– Increasing fiber intake: Consuming high-fiber foods such as vegetables and fruits helps control weight and lower cholesterol levels.
– Increasing intake of vegetables and fruits: These are rich in vitamins A, C, and E, which have antioxidant properties that can prevent the progression of atherosclerosis.
– Reducing refined sugar consumption: Reducing the intake of added sugars in processed products or sugary beverages.
– Reducing sodium intake: Opt for unprocessed foods and reduce the use of seasonings.
– Mediterranean diet: It has a protective effect on cardiovascular health.
Additionally, many research institutions recommend reducing the intake of saturated fats and trans fats.
– Weight control: It is currently recommended to use Body Mass Index (BMI) as a guideline and maintain a BMI between 20 and 25. Both excessive and low body weight have adverse effects on the mortality rate associated with cardiovascular diseases.
– Moderate exercise: Review articles suggest that increasing any form of physical activity is effective in reducing the incidence of coronary heart disease, as exercise can boost metabolism, increase calorie expenditure, and reduce fat accumulation.
– Alcohol consumption: The impact of alcohol consumption on cardiovascular diseases is subject to some controversy. Some studies indicate that the mortality rate from cardiovascular diseases is lower in groups that consume small amounts of alcohol compared to those who abstain completely. However, excessive alcohol intake increases the risk of cardiovascular diseases, which is an undeniable fact.
– Smoking cessation: Smoking has long
been considered a significant risk factor for cardiovascular diseases. Smoking causes various chemical components such as nicotine and tar present in cigarettes, which are crucial contributors to heart disease.
Remember that prevention is key, and it’s crucial to consult with healthcare professionals for personalized guidance on managing cardiovascular risks.
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Intake of Health Supplements
You can choose appropriate products based on your needs to delay the use of medication. The following are some recommended nutritional supplements related to cardiovascular protection:
Fish Oil (Omega-3 Fatty Acids)
The American Heart Association recommends that people consume fish rich in Omega-3 unsaturated fatty acids at least twice a week. In addition to natural food sources, commercially available fish oil supplements are a good source of Omega-3 fatty acids. Omega-3 fatty acids can be incorporated into cell membrane structures to maintain better membrane fluidity. They may also achieve cardiovascular protection through other means, such as reducing triglycerides, lowering blood pressure, reducing blood clotting, and anti-inflammatory effects, among others .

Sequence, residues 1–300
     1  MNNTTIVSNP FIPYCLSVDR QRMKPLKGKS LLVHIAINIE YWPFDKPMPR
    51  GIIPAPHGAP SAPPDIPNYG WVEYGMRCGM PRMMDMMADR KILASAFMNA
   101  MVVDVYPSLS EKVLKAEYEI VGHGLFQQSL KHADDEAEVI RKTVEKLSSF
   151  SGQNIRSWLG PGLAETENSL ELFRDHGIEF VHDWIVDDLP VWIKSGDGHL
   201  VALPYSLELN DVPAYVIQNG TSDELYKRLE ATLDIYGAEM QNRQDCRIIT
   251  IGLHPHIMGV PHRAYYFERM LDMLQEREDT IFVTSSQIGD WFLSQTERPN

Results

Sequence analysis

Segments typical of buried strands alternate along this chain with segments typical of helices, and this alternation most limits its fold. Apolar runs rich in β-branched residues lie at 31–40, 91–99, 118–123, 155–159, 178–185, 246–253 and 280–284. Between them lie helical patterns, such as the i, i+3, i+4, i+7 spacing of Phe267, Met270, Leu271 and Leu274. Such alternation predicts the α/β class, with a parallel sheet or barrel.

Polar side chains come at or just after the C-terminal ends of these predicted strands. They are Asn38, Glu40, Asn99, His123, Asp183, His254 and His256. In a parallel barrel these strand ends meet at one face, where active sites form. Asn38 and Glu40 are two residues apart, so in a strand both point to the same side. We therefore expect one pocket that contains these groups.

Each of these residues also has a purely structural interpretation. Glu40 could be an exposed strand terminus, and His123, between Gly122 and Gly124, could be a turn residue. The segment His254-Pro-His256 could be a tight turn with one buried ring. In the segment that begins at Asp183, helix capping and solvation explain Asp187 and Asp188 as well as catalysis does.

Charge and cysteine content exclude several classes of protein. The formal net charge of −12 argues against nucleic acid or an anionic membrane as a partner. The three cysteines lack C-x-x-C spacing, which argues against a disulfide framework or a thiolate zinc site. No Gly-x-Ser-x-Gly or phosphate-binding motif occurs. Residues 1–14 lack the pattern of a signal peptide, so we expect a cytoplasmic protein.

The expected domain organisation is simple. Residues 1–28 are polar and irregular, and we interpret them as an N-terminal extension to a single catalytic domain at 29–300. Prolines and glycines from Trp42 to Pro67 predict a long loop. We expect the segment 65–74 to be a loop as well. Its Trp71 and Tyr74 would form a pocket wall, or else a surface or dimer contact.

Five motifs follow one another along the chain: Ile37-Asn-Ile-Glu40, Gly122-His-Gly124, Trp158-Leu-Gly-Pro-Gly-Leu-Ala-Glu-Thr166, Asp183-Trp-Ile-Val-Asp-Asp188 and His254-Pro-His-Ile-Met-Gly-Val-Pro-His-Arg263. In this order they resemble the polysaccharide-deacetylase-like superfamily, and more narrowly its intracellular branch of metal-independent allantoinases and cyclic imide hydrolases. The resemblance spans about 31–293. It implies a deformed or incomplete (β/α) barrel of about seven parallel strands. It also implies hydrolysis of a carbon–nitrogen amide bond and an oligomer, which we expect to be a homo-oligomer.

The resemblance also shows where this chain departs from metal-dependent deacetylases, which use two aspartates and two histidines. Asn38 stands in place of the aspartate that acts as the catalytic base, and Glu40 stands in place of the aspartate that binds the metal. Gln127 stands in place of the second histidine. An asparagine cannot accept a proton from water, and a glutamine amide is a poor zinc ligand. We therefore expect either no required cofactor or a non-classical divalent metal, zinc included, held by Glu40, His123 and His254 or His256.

A 2019 meta-analysis indicated that daily supplementation of 376 milligrams to 4000 milligrams of fish oil Omega-3 effectively reduces the risk of heart attacks, coronary heart disease, mortality, cardiovascular disease, and mortality .
Studies have tested different doses of EPA+DHA and found that over 80% of EPA+DHA have better absorption .
Coenzyme Q10 (CoQ10)
From the perspective of the heart’s physiological function, the heart continuously pumps blood to various tissues, requiring a significant amount of energy. CoQ10 is primarily present in organs and tissues with high metabolism and energy demands, such as the heart, liver, and skeletal muscles.
CoQ10 achieves heart protection through the following two main effects:
- Assisting in energy supply: Although CoQ10 cannot directly provide energy, it is an essential co-factor in the energy production process.
- Antioxidant: CoQ10 has excellent antioxidant effects and can reduce the oxidation of low-density lipoprotein (LDL), effectively preventing the progression of atherosclerosis and maintaining the integrity of blood vessel endothelium.
In 2017, a study involving 14 randomized controlled trials (with over 2,000 participants) investigated the impact of CoQ10 supplementation on mortality rates in heart failure patients. It was found that the administration of CoQ10 could reduce the mortality rate by 31%, and it also improved exercise performance.
Red Yeast Rice (Monacolin K)